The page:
Some Parents Surrender Custody

Sam Cheek, left, and his 15-year-old son Andrew.

When Sam Cheek and his wife, Maria, spend time with their 15-year-old son Andrew, the moments are precious because they know they are few.

CBS Correspondent Mika Brzezinski reports from Glen Burnie, Maryland that Cheek never thought he'd have to consider giving up his son.

"That was the hardest decision I've ever made in my life," says Cheek.

Andrew has suffered from severe mental illness since he was five years old. Bouts of violence, suicide attempts and at least eight hospitalizations have nearly destroyed his family.

"I've lost jobs because of this," Cheek explains. "When Andrew was living at home, no one could control him."

The bills spiraled out of control too; a staggering $250,000 of debt forced the family to declare bankruptcy, and to give up custody of their son to the state.

Cheek says that was the only way to get the funding for him to get in a residential treatment center.

It may sound extreme, but it's not as rare as one might expect. A report issued last month by the General Accounting Office - the investigative arm of Congress - says thousands of families are surrendering custody of their children in order to get them the help they need.

The report says that in the year 2001, at least 12,700 families took the drastic measure of formally relinquishing custody of their children so that they would be eligible to receive state-paid mental health services. Most of the children in these cases are adolescent boys.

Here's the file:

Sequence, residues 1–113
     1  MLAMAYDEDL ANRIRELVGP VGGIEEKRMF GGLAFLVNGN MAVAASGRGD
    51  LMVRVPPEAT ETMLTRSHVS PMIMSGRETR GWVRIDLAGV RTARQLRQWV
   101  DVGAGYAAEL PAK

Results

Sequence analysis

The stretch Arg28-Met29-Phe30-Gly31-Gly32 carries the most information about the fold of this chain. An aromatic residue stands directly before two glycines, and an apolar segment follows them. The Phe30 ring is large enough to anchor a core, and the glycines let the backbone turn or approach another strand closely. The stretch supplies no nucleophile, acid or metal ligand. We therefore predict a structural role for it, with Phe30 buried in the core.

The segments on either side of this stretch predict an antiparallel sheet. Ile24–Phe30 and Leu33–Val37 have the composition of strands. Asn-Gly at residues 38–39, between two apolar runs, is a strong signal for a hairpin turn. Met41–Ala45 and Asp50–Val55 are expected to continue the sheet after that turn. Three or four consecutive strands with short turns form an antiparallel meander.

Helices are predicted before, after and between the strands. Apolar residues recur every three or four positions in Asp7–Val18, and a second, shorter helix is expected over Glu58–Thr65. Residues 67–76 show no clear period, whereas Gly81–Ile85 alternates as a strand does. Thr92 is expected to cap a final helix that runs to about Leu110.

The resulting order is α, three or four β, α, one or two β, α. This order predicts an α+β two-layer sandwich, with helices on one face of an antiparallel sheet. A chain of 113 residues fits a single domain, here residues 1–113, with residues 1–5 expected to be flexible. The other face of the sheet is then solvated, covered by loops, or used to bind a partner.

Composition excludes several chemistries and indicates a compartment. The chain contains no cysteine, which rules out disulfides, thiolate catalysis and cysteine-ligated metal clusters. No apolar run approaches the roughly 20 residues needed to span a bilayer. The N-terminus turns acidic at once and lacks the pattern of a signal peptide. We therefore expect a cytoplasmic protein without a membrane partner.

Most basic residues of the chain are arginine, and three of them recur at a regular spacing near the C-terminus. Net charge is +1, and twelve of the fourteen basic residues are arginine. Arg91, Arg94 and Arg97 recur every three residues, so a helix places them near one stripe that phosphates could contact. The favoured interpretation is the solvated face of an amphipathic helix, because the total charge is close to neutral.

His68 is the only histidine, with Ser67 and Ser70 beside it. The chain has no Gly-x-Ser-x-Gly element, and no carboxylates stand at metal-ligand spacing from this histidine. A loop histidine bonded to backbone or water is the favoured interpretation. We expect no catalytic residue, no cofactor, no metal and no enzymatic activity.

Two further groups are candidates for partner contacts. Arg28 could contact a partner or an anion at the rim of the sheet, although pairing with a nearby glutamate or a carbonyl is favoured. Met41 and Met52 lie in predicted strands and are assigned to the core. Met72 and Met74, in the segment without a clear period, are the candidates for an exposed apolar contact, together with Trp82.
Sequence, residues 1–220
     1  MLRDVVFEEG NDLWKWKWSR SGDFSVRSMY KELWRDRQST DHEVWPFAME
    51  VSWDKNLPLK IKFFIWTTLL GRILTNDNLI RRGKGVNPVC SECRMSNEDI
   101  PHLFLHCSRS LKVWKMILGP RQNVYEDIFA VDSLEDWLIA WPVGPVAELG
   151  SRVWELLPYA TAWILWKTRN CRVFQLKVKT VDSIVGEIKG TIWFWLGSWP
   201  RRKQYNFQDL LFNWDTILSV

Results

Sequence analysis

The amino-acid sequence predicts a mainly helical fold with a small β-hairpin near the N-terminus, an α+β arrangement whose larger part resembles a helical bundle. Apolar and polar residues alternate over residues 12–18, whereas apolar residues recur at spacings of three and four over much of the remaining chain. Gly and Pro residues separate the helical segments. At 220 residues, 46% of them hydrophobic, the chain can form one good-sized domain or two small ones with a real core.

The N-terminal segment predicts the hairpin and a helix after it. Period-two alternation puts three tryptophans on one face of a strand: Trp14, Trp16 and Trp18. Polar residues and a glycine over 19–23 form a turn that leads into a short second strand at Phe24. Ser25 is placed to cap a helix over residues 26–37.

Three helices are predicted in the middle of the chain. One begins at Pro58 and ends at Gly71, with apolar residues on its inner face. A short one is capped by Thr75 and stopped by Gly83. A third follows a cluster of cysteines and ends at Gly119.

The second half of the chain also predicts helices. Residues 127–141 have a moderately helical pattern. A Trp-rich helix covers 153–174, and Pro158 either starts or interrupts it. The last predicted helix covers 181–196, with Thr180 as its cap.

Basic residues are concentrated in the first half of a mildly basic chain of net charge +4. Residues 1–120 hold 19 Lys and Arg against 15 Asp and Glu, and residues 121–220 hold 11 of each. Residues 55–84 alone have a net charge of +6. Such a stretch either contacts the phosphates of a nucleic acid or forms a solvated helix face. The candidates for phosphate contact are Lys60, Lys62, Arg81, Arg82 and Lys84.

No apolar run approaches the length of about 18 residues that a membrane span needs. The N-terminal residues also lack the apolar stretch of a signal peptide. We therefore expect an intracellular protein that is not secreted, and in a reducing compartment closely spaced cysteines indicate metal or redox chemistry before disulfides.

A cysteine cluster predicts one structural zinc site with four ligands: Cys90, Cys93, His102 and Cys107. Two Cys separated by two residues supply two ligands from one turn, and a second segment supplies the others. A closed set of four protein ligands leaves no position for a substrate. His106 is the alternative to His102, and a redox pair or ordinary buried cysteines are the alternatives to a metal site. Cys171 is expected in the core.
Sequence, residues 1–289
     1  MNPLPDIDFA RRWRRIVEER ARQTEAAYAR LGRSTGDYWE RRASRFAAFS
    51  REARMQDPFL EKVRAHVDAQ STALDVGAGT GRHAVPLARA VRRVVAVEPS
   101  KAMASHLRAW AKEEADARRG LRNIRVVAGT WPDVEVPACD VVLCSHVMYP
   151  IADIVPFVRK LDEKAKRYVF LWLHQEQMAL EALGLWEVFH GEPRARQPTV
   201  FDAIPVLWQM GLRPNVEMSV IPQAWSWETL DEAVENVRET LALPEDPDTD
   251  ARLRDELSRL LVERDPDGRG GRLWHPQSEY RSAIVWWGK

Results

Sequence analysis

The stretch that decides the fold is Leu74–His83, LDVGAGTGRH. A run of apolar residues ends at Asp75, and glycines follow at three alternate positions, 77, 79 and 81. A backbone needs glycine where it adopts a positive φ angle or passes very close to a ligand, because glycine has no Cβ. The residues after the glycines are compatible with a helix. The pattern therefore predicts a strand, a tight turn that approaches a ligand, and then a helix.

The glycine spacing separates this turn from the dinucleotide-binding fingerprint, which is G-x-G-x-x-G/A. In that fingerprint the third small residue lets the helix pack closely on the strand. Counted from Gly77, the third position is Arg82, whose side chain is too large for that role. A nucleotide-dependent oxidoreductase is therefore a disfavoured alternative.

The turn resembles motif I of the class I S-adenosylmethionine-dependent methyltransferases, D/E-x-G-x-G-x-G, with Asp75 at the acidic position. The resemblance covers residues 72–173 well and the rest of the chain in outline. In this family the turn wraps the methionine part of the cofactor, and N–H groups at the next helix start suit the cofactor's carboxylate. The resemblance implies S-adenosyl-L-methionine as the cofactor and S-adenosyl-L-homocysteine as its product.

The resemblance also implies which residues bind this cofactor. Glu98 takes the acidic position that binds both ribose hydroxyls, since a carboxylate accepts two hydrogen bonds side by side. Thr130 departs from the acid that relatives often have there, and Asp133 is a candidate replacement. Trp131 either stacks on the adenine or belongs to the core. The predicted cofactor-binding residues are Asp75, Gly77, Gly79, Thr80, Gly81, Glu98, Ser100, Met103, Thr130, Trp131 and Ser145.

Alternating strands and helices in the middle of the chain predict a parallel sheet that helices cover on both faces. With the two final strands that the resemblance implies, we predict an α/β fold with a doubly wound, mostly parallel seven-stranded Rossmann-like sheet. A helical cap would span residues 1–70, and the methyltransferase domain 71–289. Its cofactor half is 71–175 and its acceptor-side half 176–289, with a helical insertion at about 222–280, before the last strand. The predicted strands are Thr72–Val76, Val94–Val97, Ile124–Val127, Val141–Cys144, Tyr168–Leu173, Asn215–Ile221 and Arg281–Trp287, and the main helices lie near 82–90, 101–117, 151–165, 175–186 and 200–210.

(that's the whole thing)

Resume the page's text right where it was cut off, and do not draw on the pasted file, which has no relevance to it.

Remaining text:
"It's a shameful practice that should not be happening," says mental health patients' rights advocate Tammy Seltzer, of the Bazelon Center for Mental Health Law, in Washington, D.C.

The Center says custody relinquishment may be even more prevalent than the GAO study suggests, since officials in 32 states did not respond to the GAO's request for data on the subject.

The group notes that although 13 states have banned the practice of forcing parents to make these kinds of choices, the ban alone is no solution - because it doesn't improve access to medical care.

It says one step that might help is the Family Opportunity Act - awaiting an as yet unscheduled vote on Capitol Hill - which would reduce the need for custody relinquishment by expanding access to Medicaid-financed mental health services

Seltzer says children who do end up as wards of the state often wind up either in child welfare or the juvenile justice systems, neither of which is set up to deal with mental illness.

Seltzer wonders if parents making these decisions really know what they're getting into.

"We get calls from parents who are not allowed to see their children," she says. "Their children may be injured. They may be sick and the parents are not even informed."

Once the custody was changed over, Cheek stopped getting phone calls about his son. Cheek realized when he gave up custody, he had also given up his right to be a parent.

"It got where I was never notified if there were any medication changes - if anything happened to Andrew," Cheek recalls.

And Cheek says if he could turn back time, he would have taken on the cost and the risk of keeping Andrew at home, just to maintain his parental control.

"I want him home! I want him right with us," says Cheek.

But for now, Sam Cheek has no idea if he will get his son back, or how he'd pay for it.